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Topic: Counter-narratives: What international media stories need countering? New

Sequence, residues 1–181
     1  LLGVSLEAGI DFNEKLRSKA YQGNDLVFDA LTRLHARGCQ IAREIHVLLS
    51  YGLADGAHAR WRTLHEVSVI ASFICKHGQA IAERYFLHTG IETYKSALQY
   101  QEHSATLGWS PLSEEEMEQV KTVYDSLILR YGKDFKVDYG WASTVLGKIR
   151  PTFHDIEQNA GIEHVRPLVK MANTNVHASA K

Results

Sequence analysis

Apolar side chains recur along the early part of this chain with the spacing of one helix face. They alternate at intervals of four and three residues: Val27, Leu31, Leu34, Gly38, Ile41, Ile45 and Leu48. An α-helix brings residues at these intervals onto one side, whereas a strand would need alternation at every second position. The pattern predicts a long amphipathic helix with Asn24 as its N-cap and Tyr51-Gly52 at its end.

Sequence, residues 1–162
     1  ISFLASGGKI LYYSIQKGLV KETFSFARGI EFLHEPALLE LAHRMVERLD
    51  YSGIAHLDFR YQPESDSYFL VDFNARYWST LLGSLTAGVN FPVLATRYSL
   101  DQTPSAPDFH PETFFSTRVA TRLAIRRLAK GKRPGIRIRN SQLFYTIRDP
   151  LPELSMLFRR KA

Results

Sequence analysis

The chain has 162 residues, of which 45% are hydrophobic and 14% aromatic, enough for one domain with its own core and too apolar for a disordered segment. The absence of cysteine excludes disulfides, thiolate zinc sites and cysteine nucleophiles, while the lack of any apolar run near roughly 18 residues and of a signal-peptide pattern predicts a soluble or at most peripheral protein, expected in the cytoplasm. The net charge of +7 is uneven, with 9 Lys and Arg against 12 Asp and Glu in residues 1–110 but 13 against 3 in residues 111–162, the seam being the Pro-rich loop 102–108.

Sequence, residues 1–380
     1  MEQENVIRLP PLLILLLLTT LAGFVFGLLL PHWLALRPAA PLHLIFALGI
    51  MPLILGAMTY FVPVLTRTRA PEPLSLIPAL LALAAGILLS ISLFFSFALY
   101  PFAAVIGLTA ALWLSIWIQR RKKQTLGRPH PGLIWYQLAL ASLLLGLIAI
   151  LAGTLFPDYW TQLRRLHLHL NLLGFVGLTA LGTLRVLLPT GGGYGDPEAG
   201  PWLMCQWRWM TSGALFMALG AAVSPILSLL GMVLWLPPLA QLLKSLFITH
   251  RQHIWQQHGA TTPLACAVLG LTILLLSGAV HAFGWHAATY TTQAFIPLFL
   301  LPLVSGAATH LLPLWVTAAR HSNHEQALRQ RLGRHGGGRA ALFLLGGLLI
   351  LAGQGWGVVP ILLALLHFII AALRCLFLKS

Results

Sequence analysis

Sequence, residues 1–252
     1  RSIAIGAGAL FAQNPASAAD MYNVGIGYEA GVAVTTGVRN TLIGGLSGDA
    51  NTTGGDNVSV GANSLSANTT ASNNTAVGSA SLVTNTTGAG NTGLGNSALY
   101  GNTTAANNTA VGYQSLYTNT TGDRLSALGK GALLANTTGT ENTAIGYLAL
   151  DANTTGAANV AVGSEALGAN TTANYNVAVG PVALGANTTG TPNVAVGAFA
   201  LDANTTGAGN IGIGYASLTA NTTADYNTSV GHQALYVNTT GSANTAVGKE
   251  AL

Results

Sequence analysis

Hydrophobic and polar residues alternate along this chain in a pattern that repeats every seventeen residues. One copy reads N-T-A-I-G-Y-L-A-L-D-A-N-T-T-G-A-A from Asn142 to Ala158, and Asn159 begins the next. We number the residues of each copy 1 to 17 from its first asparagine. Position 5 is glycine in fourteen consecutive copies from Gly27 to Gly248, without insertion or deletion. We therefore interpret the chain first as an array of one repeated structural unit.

Topic:Counter-narratives: What international media stories need countering?Newsarticle: https://www.bbc.com/news/world-asia-china-55744860This essay will be focusing on thecounternarrative of western media reporting Chines feminism. The western media described“yang li” as a punchlinequeen but infect she is using the hot topic of “Chinese feminism” as a way toget famous. In reality there are equal rights between men and women feminism in China,but there is a majority of some Chinese feminism is that asking equality between men and women,but asking men to bear the main responsibility and pursue the maximization ofwomen’s benefit under the pretext of women’s rights. That part of feminismgenerally refers to a kind of “unilateral and egoistic” feminism,which runs counter to the goal of realizing equal rights between men and women.Yang li is an example of this kind of feminism. One of her popular jokes isthat making fun of a normal male shouldnot have confidence. But anyways.Use The WeCanstructure (deconstruct a master narrative/create a counternarrative) in tandemwith ACF ingredients guide (purpose, audience, values, framing, emotionallycompelling stories, and language) and, where appropriate, input from Lueg &Wolff Lundholt (2021) are elements supporting your counternarrativewriting that will ‘absorb’ word count.WeCan’s (2017)four-step counternarratives guide, to first find an oppressive narrative aboutthe Global south that I want to counter. After I need to analyze the mainelements, distribution, target groups and dynamics of the oppressive narrative[also known as a master narrative], what I should do next is similar to a campaign designYourguide to counternarrative storytellingReadings·deLatour, A., Perger, N., Salag, R., Tocchi, C., & Otero, P. V. (2017). Wecan!: Taking Action against Hate Speech through Counter and AlternativeNarratives (revised edition). Council of Europe. 174pp. Available at: https://rm.coe.int/wecan-eng-final-23052017-web/Extract: Doing it yourself,pp115-138·AustralianConservation Foundation (2017). How to tell compelling stories that move peopleto action. Carlton, Victoria: Australian Conservation Foundation. 53pp.Available at: https://www.acf.org.au/narrative_handbookExtract: Story, pp67-79·Rehnberg,H. S., & Grafström, M. (2021). Using counter-narrative to defend a masternarrative: Discursive struggles reorganizing the media landscape. In RoutledgeHandbook of Counter-Narratives (pp. 209-221). Routledge.1.Deconstructing a master-narrative (aka ‘the oppressivenarrative you want to counter’).According to WeCan(2017), developing effective counter narratives starts with an in-depthunderstanding of the oppressive narrative. In other words, you need toelaborately analyse the oppressive narrative you want to counter.What are the issues at stake?What topics are mentioned?Which concepts seem to be central, repeated or debated about?What is the content, structure and tone?What is thetextual evidence which help you describe the master-narrative?,What are the mostrepresentative or illustrative texts, symbols or images?See pp. 117-127 ofExtract: Doing it yourself,pp115-1381.Key elements needed to create a counternarrativeAccording to WeCan(2017), after detailed assessment of the oppressive narrative, design your owncounter narrative. In other words, this is the phase where you strategicallyuse the outcomes from your assessment and, based on those outcomes, you designyour own counter narrative.What narrative should replace the master or oppressive narrative?What knowledge, values, attitudes or perspectives will the counternarrativepromote?What is the story you want to tell?What is the objective of the counternarrative – for example, increasedinternational mediavisibility of G-South realities, more inclusive global media dialogues,advocacy for the right tocultural autonomy and cognitive justice?What is your target audience?How will you define the content and tone of your counternarrative?What type of (media) audience do you want to engage?See pp. 129-138 ofExtract: Doing it yourself,pp115-1381.The role of emotion and personal experience instory-tellingAccording to ACF(2017), emotions are one of the most potent sources of motivation that driveshuman behaviour. It suggests that themes which resonate with us emotionallycome from the heats of out evolutionary history, such as survival,reproduction, connection to family and kin, and connection to others. So,instead of storytelling providing lists of facts and lecturing about them, ACFrecommends we need to move people using images, stories, emotions, values,analogies, moral sentiments, and moving oratory. Logic – that is, facts,figures and policies – plays a supporting role. This doesn’t mean dumbingthings down. It means appealing to fundamental values, morals and concernsusing relatable storytelling.See how to include facts in storiesSee how to give people something to believe inSee how to tell stories with characters (you or others)See how to integrate characters into the story’s plotSee how to tell stories that move people to actionSee how to tell stories of self, us, and nowSee how to structure a story to include challenge, choice and outcomeSee Extract: Story, pp67-791.How to engage audiences in narrative struggles.In a transformingmedia landscape, discursive struggles can be found everywhere. Discursivestruggles emerge when advocates of different perspectives engage with advocateswho challenge or disagree with those perspectives. In discursive struggles,narratives might intersect , relate to, challenge or reinforce each other. Forexample, competition from new digital start-up may provoke legacy journalistsinto discursive struggle over definitions of journalistic autonomy, norms andvalues, and social role.See Rehnberg, H.S., & Grafström, M. (2020).